Editor's note: This is not today's only article on Komen and Planned Parenthood. In addition to our news report, you might also enjoy Albert Mohler's argument that there is "no neutral ground when it Comes to Planned Parenthood," Matthew Lee Anderson's examination of "The Politics of Breast Cancer," and Russell Moore's warning on "the wrong lessons to draw from the Komen-Planned Parenthood debacle."
When news broke that breast cancer charity Susan G. Komen for the Cure was halting its partnerships with Planned Parenthood affiliates, abortion opponents cheered. The relationship had been a sticking point that limited donations from those who wanted to help fight breast cancer but didn't want to support Planned Parenthood, a $1 billion organization that performs more than 300,000 abortions a year.
Even though Komen grants to Planned Parenthood were relatively small, working out to $680,000 last year, its supporters were enraged. Planned Parenthood fans filled up social media sites with complaints against Komen's heresy. An unrelenting media and political blitz began. Within two days, Komen backtracked.
So what began as a victory in the fight against abortion ended in what seemed a particularly cruel defeat, a reminder of how much elite culture is aligned in defense of abortion and its largest provider. But there is a silver lining to the disaster, and not just for textbook writers looking for case studies in catastrophic public relations failures.
Now everyone knows that Komen funnels money to the abortion business. For years, pro-life activists had been attempting to alert Komen donors to its entanglement with Planned Parenthood. Progress had been made in recent years, with Komen acknowledging and attempting to downplay its association. But now, only those who don't watch the nightly news, read a newspaper, or have a Facebook account are oblivious to Komen's relationship with the abortion business. The media pushed the line that declining to fund Planned Parenthood is political, but they may be surprised to find out that funding Planned Parenthood is also viewed as political.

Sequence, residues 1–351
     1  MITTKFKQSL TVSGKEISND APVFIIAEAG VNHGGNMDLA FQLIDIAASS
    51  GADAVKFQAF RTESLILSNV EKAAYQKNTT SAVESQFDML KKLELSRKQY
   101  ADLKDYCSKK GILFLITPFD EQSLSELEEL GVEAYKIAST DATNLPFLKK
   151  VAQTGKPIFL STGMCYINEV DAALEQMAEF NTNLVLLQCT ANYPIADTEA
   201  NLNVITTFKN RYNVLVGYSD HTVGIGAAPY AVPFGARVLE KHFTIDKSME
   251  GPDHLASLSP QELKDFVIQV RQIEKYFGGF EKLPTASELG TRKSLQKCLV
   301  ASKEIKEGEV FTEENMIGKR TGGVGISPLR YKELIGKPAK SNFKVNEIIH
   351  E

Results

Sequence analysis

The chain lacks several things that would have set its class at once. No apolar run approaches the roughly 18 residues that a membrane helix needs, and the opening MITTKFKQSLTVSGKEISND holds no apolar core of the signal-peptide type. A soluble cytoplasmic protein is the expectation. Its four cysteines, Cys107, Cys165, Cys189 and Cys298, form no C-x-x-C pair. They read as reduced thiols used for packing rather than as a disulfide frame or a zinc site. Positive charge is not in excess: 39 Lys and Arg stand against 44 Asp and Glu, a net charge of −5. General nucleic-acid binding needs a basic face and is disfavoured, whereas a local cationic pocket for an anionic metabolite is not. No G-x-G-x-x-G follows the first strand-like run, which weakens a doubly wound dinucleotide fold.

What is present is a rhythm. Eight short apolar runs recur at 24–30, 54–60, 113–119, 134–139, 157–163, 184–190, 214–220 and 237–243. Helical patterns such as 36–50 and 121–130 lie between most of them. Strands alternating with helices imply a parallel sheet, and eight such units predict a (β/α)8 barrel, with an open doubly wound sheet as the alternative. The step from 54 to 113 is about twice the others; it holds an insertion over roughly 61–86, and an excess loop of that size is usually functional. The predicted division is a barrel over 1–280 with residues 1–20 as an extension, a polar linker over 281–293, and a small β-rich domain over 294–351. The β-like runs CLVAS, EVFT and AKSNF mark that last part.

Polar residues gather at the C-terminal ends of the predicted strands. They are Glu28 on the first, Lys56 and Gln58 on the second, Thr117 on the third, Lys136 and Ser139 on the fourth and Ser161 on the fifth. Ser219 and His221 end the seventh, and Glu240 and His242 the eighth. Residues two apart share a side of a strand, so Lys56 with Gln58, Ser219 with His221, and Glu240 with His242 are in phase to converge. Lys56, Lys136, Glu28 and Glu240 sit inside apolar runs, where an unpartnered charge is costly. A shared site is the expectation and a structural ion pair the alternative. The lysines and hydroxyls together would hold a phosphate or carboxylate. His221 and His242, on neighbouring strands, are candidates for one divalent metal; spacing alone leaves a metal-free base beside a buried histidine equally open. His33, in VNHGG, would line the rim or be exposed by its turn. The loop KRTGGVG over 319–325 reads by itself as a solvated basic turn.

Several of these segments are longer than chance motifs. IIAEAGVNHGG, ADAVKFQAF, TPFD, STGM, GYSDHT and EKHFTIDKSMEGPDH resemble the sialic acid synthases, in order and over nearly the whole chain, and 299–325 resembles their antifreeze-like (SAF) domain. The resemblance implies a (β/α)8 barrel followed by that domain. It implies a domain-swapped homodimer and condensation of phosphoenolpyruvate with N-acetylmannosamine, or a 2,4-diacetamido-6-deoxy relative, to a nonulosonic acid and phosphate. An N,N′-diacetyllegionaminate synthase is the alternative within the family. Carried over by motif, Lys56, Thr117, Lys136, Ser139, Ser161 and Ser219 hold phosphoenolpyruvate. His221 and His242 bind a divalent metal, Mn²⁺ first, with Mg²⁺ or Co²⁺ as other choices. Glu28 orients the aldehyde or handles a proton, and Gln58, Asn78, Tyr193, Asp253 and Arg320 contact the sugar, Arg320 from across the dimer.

Planned Parenthood's lack of mammogram services has been exposed. In March 2011, Congress was debating budget cuts. Planned Parenthood CEO Cecile Richards gave an interview where she claimed these cuts would hurt Planned Parenthood's ability to offer mammograms. Pro-life activist Lila Rose released a video documenting that Planned Parenthood facilities don't offer mammograms. While Planned Parenthood clinics do offer referrals to medical facilities that offer mammograms, Komen's initial grant policy revision indicated that such "pass-through facilities" are less effective than facilities that actually test and treat breast health. The Komen kerfuffle also reminded Americans that Planned Parenthood is the country's largest abortion provider. Planned Parenthood likes to present itself as a benevolent provider of women's health services, downplaying the 300,000-plus abortions it performs annually. Until the Komen media frenzy, many people probably believed Planned Parenthood did much more than offer prescriptions for mammograms.
Any pretense of media objectivity on the abortion issue has been destroyed. The week preceding Komen's announcement, abortion opponents who attended the annual March for Life Washington were ignored, as per usual. And while some in the mainstream media mentioned the Obama administration's mandate that Catholic and some other religious charities be forced to choose between serving the poor and violating deeply-held beliefs on abortion, birth control and sterilization, others didn't mention it, even after dozens of bishops addressed the issue.